TikTok’s livestreaming e-commerce function will go live in Indonesia on April 13, the first full day of Ramadan, the Islamic holy month, according to a report by LatePost. TikTok completed its pilot for livestreaming e-commerce on March 9, drawing more than 10,000 simultaneous viewers at its peak.
There were shortcomings in payment channels at the time. Popular e-wallets like GrabPay and Ovo were not integrated as options, the report said.
Online shopping volume usually swells significantly in Indonesia during Ramadan. TikTok’s latest feature may give Indonesia’s online merchants a new means to reach customers.
So far, TikTok has not set goals for its gross merchandising value through livestreamed e-commerce. For now, TikTok’s main focus in Indonesia is to enrich e-commerce functionality and encourage businesses to take part in more live broadcasts, the report said.
Livestreaming e-commerce is increasingly popular in Southeast Asia as platforms like Shopee, Lazada, and Tokopedia have each rolled out their own version of the feature, giving sellers the space to promote their products in creative and engaging ways.
Last month, TikTok released its Ramadan Insights 2021 report, which unpacks user behavior during the month of fasting and reflection. The document suggests that TikTok users in Indonesia are very receptive to advertising, as 90% follow calls to action after viewing videos that promote products they like.
TikTok’s e-commerce ambitions
TikTok has been working its way into e-commerce for a while. LatePost reported that the company initially had designs for cross-border e-commerce services, where merchants could sell goods from China to customers in other markets. The project was shelved due to the complexity of logistics, customs, and compliance issues.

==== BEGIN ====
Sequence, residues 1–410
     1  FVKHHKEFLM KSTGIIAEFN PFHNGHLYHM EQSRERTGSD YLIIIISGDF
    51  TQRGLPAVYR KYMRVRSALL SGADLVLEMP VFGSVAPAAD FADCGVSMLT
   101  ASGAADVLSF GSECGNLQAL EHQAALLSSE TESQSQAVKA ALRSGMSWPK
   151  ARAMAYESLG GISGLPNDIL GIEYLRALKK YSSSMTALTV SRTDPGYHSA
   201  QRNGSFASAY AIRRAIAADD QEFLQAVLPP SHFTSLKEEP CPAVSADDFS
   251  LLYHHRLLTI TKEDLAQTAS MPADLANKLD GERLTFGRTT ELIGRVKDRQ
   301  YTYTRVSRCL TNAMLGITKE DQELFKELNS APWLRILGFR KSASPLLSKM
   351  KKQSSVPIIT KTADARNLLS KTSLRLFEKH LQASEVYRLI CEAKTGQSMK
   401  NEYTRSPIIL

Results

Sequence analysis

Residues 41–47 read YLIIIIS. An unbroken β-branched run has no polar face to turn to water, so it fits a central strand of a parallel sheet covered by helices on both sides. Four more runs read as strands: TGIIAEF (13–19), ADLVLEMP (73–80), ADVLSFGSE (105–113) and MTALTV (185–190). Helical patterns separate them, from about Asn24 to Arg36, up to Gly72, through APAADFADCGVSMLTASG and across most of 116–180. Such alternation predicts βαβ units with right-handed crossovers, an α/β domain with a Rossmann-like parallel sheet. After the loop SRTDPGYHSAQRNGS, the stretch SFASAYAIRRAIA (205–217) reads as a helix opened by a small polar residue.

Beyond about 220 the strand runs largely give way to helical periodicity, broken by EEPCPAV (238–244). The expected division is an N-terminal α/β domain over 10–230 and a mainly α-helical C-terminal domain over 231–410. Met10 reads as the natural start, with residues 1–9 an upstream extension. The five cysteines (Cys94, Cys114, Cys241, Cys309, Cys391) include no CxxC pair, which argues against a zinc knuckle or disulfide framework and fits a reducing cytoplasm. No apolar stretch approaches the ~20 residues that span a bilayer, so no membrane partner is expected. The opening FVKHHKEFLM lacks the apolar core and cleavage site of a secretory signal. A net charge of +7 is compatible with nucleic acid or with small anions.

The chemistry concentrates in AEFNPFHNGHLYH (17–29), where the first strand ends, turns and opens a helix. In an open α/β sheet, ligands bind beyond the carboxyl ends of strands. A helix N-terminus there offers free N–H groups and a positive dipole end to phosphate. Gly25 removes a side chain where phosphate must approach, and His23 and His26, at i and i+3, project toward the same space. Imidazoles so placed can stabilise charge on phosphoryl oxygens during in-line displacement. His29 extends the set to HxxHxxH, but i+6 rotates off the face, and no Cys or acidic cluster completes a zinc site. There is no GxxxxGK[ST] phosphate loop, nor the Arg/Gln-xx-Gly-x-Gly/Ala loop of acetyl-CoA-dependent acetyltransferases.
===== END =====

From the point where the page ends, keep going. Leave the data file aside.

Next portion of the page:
But the company’s ambitions didn’t stop there. In February, TikTok is said to have prepared various features for new e-commerce offerings in the United States, including a tool that lets its most popular creators share a link to products and earn commission on any sales converted via their accounts.
Meanwhile, in Southeast Asia, TikTok is hiring for roles related to e-commerce in Singapore and Indonesia, such as user and campaign operation specialist, category lead, and customer service specialist. Moreover, TikTok has launched an educational website called TikTok Shop Seller University, which the company described as a “training hub” to instill business skills and strategies centered around the video platform.
TikTok’s Southeast Asia business is headquartered in Singapore. That means any e-commerce operations in the city-state will be the consequence of an online payment license issued by the Monetary Authority of Singapore, or MAS.
Beginning in November 2020, the legal and public policy team of TikTok Singapore spent over two months resolving compliance issues related to platform policies, platform-talent-merchant tripartite agreements, and intellectual property rights. Payment compliance issues were the major hurdles, according to people familiar with the matter who spoke to LatePost.
TikTok employees in Singapore and Jakarta have been in constant communication with the company’s e-commerce team in Beijing. TikTok’s team in Jakarta has generated a roster of 2,000 merchants that are present on Facebook, Instagram, and Shopee for recruitment purposes, LatePost reported.